The second and final gubernatorial debate between Lt. Gov. Kim Guadagno, Republican, and Phil Murphy, Democrat, was held at William Paterson University in Wayne on Wednesday night, and saw repeated stances on popular topics as well as repeated lines of attack from both candidates on their opponent.
The moderators were news journalists from Philadelphia, New Jersey and New York who continued to press the candidates on pensions, taxes and infrastructure as well as raise new questions around social issues and the state’s cities.
Seizing on comments made by Murphy in the first debate, moderator Jessica Dean asked him about his desire to make New Jersey a sanctuary state and the possibility of losing out on federal funds if the Trump administration threatened to withhold them. Murphy responded that it would be an “empty threat” and that he would take legal action against the White House if federal funds allocated for New Jersey were withheld. In response, Guadagno discussed a specific criminal case with an illegal immigrant and the need for law enforcement in such cases.
The next question involved property taxes, and Guadagno said Murphy lacked specifics on his plan and that he will raise property taxes. She said she would lower them. Murphy responded by saying taxes have gone up 17 percent during her tenure.
Throughout the debate, each candidate repeated attacks about the other including Murphy’s common refrain of the number of days Guadagno had been in office with Gov. Chris Christie, and Guadagno’s remarks about Murphy’s career as a Goldman Sachs millionaire as well as his desire to raise taxes.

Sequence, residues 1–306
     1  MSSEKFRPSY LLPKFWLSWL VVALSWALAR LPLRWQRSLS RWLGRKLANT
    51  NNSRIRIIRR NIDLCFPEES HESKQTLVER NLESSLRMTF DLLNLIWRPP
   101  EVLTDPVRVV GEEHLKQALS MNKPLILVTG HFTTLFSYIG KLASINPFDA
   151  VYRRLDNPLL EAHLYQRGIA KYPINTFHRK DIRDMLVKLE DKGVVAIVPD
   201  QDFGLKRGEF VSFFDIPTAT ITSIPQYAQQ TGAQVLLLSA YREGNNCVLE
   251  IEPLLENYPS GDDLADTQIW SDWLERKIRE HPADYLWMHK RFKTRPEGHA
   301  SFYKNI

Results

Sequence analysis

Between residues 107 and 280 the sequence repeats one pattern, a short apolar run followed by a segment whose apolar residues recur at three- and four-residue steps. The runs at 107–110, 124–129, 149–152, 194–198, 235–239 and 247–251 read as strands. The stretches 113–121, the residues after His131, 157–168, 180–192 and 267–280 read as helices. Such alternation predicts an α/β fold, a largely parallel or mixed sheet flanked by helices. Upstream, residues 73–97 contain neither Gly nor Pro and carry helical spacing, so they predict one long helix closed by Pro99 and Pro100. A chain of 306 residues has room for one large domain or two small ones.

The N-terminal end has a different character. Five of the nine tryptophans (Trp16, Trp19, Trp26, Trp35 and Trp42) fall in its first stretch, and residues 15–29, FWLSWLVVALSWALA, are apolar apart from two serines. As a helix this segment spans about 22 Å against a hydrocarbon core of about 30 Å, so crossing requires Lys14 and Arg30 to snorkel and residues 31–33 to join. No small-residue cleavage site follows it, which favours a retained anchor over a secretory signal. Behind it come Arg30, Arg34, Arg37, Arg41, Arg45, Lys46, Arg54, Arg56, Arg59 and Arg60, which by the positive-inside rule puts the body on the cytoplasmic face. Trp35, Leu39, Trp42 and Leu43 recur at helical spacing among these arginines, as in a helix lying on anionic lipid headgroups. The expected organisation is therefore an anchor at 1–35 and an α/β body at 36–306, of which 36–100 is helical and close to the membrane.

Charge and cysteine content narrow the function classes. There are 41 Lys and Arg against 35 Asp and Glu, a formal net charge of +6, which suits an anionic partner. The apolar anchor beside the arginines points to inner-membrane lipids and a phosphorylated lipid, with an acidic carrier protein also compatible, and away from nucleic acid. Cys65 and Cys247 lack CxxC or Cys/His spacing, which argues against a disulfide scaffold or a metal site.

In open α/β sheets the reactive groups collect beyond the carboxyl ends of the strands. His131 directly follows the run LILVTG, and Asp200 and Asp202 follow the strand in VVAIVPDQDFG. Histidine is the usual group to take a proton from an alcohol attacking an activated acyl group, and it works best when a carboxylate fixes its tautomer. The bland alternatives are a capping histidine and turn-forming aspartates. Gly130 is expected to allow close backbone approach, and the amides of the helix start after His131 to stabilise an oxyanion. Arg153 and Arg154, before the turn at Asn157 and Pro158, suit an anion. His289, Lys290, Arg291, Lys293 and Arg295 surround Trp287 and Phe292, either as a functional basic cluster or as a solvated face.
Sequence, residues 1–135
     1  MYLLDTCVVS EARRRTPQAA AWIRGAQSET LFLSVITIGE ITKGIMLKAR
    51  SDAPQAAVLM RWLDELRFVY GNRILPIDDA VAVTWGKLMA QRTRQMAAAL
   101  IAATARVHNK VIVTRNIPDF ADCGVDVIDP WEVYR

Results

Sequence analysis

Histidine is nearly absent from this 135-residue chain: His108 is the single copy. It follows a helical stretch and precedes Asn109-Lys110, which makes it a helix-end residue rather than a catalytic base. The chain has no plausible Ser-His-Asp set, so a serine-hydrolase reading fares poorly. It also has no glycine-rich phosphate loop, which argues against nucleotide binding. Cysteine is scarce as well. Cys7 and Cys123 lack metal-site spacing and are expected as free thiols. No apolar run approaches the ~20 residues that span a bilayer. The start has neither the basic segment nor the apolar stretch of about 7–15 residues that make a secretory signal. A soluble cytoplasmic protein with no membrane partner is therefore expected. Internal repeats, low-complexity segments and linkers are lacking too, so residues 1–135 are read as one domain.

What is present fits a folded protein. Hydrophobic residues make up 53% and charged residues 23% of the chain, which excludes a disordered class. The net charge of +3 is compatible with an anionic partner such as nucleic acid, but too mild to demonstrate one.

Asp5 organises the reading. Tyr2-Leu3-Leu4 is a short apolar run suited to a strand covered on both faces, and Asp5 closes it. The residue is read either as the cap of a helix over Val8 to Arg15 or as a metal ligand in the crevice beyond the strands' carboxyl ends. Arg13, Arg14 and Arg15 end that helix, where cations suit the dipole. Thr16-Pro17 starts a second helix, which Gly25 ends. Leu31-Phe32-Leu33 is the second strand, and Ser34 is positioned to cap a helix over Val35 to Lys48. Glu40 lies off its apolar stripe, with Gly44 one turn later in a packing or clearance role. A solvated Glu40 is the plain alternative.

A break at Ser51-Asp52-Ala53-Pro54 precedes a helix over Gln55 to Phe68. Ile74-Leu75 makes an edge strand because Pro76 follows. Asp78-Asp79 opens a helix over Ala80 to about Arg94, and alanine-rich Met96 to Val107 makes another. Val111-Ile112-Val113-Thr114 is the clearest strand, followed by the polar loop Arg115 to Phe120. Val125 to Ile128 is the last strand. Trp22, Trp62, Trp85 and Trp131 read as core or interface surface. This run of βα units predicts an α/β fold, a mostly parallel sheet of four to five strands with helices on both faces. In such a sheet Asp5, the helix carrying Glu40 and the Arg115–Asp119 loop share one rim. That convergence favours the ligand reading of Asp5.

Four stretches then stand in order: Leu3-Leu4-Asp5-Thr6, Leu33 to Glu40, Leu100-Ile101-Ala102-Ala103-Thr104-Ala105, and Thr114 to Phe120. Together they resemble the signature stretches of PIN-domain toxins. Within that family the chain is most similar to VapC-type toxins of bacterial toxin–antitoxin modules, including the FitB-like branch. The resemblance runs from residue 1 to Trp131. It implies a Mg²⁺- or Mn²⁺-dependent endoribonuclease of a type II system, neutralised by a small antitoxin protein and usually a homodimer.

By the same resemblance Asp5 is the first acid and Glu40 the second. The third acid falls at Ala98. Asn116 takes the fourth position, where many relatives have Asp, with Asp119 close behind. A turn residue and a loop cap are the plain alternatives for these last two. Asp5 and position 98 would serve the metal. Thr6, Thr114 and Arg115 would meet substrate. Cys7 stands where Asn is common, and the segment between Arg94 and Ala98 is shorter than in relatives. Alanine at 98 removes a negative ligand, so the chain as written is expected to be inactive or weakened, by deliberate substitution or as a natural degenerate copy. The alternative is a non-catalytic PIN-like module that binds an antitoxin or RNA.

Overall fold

Guadagno defended her association with Christie at multiple points throughout the debate. In response to Murphy’s accusation that Guadagno has been with Christie “every step of the way,” Guadagno said she expressed misgivings to the governor in private.
“Quite frankly, anybody who knows me knows I’m not Chris Christie,” said Guadagno.
Guadagno continued to push her message of lowering the tax burden on middle-income families by tackling property taxes. The lieutenant governor attempted to shift the Christie comparisons onto her opponent by saying she publicly opposed the 23 cent gas tax hike, whereas Murphy supported the measure.
The latest polls put Phil Murphy 15 percentage points ahead of Lt. Gov. Kim Guadagno. Even taking into account a potential polling error, Gudagno’s chances are looking dire. How will the candidates’ performance affect the election and what do voters take away from debates?
“[In debates, voters] get a feel for candidates, whether property taxes are going to be reduced, or an arbitration cap, any of those specifics don’t resonate with voters but a feel [for the candidate] can matter some,” according to Saladin Ambar, senior scholar of Eagleton Institute of Politics’ Center on the American Governor
Ambar, who also serves as an associate professor in Political Science at Rutgers, said there are multiple political science studies that show voters often don’t pay attention to policy specifics during televised debates.
Instead, voters pay attention to a larger narrative on the candidates and how they feel about each one.
Ambar said Guadagno managed multiple “feel good moments,” such as her handling of microphone problems in the first debate or her interaction with the crowd in the second debate, but none of these moments were enough to change the state of the election.
“I don’t think there was any consequential moment that people are going to leave with,” Ambar said, adding that Murphy’s lead allowed him to pass through the debate unscathed unless he made an enormous gaffe.
In terms of narrative, Guadagno focused on portraying Murphy as a man who can’t keep his promises; Murphy framed Guadagno’s candidacy as the third term of Gov. Chris Christie.
But the attacks on Murphy are not particularly effective in the current political landscape.